Big Windup! goes into its second half with some big expectations. The first half of the show established a truly interesting array of characters (lead by Mihashi, the world's most spineless sports manga hero), and combined them with some truly great animation and artwork, artfully lead by director Tsutomu Mizushima, and some pulse-pounding baseball action. Despite being amusingly homoerotic at times (though not significantly moreso than most Shonen Jump fare these days), it's nonetheless some of the best sports anime Japan has made in recent years. So as volume two begins, we wonder, can the show possibly keep up this level of quality and excitement?
Well, no. Actually, the second half of the show, while still fun and watchable, falls down rather badly. The series comes down with a serious case of Shonen Tournament Syndrome, its pace slowing down to an absolute crawl. Nearly the entire 2-disc set, eleven episodes in all, are spent on a SINGLE BASEBALL GAME.
I can't help but love Big Windup!. It's the most compelling sports anime since Hajime no Ippo, combining an extreme underdog with a team of lesser underdogs; a nail-biting sports serial that can grab hold of even someone with no interest in sports and make their stomach churn in anticipation of an at-bat, a pitch, or a run. Its animation, despite occasional slips in quality, maintains a high standard for the most part. The music, though nothing special, made me smile with not-so-subtle references to Chariots of Fire and other well-known sports soundtracks. And yet, this volume was unquestionably frustrating to watch, for it has fallen quite far. The glacial pacing drags down the entire production, and the strain of the writers and storyboard artists to try to keep the momentum going is all too evident in these episodes.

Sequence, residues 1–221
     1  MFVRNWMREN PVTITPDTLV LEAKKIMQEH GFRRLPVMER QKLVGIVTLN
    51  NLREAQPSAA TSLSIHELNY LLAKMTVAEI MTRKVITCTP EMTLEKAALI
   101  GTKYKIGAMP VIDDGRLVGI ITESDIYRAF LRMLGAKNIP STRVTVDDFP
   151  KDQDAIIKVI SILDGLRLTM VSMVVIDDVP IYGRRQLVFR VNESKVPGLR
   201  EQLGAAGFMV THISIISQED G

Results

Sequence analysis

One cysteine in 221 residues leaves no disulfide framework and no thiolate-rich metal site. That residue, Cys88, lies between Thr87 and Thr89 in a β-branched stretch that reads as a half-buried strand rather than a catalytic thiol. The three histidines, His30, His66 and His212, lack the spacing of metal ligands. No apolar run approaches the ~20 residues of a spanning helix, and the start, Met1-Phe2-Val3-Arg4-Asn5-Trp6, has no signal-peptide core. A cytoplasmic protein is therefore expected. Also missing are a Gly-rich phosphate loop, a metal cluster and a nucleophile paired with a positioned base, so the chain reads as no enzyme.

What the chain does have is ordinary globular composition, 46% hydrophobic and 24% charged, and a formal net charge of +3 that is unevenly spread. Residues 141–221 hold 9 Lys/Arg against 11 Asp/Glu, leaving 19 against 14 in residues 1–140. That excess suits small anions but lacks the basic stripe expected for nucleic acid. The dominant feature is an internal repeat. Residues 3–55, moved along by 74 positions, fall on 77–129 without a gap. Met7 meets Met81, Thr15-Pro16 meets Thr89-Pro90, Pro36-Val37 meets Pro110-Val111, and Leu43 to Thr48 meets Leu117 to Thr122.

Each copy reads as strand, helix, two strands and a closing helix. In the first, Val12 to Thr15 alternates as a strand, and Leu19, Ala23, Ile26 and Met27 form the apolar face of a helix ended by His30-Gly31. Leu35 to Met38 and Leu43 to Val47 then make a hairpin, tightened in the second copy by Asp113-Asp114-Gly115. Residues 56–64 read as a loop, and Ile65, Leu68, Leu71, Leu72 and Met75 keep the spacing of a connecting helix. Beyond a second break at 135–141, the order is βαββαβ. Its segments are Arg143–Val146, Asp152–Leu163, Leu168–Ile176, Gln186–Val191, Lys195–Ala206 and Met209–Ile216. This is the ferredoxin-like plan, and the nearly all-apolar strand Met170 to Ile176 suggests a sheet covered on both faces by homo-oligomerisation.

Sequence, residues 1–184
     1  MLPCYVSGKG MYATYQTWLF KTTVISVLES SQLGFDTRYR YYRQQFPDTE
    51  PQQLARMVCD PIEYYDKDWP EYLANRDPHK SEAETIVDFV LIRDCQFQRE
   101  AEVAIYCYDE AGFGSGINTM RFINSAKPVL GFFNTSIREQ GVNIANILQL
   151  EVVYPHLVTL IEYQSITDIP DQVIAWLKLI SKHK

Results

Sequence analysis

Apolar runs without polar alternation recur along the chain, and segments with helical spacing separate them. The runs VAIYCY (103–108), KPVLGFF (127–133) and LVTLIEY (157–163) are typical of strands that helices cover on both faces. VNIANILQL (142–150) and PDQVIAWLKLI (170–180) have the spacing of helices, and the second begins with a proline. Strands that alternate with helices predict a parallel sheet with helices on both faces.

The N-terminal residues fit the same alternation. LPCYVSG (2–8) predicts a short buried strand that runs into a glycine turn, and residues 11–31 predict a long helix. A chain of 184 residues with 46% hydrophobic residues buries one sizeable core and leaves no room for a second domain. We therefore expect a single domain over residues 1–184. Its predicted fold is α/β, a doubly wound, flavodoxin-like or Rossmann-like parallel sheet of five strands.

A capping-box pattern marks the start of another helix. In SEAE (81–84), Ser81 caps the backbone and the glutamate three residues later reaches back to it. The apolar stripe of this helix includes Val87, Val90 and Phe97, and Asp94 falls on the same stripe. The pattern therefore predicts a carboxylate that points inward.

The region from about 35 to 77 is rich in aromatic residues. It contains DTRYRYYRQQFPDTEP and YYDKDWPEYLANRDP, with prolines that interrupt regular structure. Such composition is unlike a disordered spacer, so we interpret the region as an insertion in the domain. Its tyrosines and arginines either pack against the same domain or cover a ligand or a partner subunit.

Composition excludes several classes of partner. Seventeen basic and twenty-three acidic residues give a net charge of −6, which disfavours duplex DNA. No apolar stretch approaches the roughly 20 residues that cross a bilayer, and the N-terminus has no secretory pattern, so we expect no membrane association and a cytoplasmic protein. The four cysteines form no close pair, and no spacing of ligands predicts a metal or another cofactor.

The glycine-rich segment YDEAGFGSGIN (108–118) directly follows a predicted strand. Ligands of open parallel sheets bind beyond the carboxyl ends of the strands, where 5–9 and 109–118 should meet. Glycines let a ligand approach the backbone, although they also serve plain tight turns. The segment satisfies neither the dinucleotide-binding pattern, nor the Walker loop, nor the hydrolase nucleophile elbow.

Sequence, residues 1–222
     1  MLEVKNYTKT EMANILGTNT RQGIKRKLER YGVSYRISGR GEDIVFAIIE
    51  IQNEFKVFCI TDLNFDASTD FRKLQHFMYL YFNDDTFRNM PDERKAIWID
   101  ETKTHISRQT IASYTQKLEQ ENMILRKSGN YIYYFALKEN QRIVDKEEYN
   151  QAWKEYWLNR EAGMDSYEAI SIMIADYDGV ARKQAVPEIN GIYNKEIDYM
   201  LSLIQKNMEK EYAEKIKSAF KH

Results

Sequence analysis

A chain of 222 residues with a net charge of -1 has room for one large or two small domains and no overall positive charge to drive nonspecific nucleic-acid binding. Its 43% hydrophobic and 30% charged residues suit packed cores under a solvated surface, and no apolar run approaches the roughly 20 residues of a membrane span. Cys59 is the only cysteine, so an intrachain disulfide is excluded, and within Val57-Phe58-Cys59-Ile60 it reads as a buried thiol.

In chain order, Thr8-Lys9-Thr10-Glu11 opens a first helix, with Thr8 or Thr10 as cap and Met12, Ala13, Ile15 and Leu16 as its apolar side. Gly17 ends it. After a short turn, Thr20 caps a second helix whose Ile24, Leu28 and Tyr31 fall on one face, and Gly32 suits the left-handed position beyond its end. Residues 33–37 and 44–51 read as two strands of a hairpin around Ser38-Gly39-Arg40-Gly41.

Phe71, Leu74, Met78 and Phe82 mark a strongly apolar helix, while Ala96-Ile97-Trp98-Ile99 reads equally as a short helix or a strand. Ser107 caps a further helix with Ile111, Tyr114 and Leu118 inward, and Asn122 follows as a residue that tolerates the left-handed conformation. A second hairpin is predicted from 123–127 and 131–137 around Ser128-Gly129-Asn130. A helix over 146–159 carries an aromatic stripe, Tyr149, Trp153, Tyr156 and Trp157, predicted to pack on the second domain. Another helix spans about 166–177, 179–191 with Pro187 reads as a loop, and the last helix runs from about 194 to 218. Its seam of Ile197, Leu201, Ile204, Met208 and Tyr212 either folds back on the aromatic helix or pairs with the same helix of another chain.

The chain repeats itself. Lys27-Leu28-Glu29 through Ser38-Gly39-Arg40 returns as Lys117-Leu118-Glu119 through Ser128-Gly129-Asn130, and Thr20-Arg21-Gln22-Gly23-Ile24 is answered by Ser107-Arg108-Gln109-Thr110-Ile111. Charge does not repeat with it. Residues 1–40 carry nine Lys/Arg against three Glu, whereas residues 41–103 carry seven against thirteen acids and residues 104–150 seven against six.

The problems with this second half of Big Windup! are not enough to derail the show, but they add up to the point where the experience is way less satisfying than it should be. But such is the power of its characters and their truly vivid, fleshed out personalities; their charisma, their overall likability, that I still can't help but love the whole package. For all its faults, Big Windup! is still a must-watch. Its slightly overblown emphasis on male bonding will keep slash fans satisfied, while the rest of us can enjoy the deftly handled sports and the fun, quirky cast. This isn't the way I'd hoped the series would end, but I'm hoping that with any luck, it won't be.